While the popular notion of the American Thanksgiving is less than 400 years old, the turkey has been part of American lives for more than 2,000 years. But for much of that time, the bird was more revered than eaten.
Washington State University archaeologists over the years have repeatedly seen evidence, from bones to blankets to DNA extracted from ancient poop, suggesting that the Pueblo people of the Southwest bred turkeys as far back as 200 B.C.
“Turkeys were an important bird symbolically and in practical ways as a source of feathers that kept people warm in the winter,” said Bill Lipe, a WSU professor emeritus of anthropology with decades of experience in the area. “And they were also important as a food source, probably primarily at periodic feasts and ritual gatherings.”
With half the world’s population—more than 3.5 billion people, according to an United Nations estimate—living less than 40 miles away from coastlines, scientists want to know how effectively coastal plants buffer inland areas from rising seas and extreme weather events. But doing the research was an arduous and limited task until three Washington State University Vancouver scientists got involved.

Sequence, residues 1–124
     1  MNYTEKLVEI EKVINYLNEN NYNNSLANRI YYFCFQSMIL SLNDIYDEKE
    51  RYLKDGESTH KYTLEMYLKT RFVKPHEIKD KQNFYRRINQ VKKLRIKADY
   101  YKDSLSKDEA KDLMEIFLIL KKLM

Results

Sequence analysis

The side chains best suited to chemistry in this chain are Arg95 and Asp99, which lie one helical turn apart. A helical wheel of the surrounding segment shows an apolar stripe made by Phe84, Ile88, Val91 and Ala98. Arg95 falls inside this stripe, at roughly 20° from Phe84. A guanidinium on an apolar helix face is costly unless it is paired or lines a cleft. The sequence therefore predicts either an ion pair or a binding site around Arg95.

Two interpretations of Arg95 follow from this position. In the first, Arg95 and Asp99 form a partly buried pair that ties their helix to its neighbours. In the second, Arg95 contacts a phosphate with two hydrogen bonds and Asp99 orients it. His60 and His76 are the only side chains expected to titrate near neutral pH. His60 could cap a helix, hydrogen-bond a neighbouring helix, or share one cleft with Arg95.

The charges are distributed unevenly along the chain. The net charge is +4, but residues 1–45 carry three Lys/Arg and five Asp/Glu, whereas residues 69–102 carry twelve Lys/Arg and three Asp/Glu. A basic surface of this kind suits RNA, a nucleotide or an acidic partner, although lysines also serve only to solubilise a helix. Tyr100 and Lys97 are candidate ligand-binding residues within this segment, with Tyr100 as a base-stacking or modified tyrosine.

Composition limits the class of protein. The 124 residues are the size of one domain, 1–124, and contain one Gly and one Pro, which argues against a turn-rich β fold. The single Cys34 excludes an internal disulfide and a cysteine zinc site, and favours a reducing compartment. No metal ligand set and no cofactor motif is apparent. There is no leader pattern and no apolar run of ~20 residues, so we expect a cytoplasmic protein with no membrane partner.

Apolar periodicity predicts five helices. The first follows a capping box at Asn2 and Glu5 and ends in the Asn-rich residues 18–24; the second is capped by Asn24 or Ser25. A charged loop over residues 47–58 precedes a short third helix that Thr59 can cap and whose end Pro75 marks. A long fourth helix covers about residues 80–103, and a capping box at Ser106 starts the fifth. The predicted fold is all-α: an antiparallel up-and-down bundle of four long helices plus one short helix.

WSUV environmental scientist Stephen Henderson worked with Nikolay Strigul, assistant professor of mathematics and statistics, and Jean Liénard, a mathematics postdoctoral researcher, to develop a computer model that uses photographs to re-create the complex geometry of the plants to be used in a workable computer model.
More than 40 percent of Americans believe that the Second Coming will take place by the year 2050, with that number rising to 58 percent among white evangelicals.
“Among lay people it’s just a given that the Rapture’s going to happen,” says Matthew Avery Sutton, history professor at Washington State University and author of American Apocalypse: A History of Modern Evangelicalism, in an interview with VICE. “Most evangelical churches would be shocked to find out that this is a 150-year-old concept and not a 2,000-year-old Biblical concept.”
While our fears might be different, we all get scared sometimes. Perhaps for you it’s spiders, the dark, or the thought of monsters under your bed.
My friend Michael Delahoyde is really curious about what freaks us out. As an English professor at Washington State University, he’s even taught a course about monsters.
Delahoyde explained that our brains like to categorize information to help us make sense of our world. But monsters sort of live between different categories.
“We are comfortable with animals. We are comfortable with humans. We’ve got the distinctions down,” Delahoyde said. “But when you have a monster, like a werewolf who is somewhere in the middle, then it freaks us out.”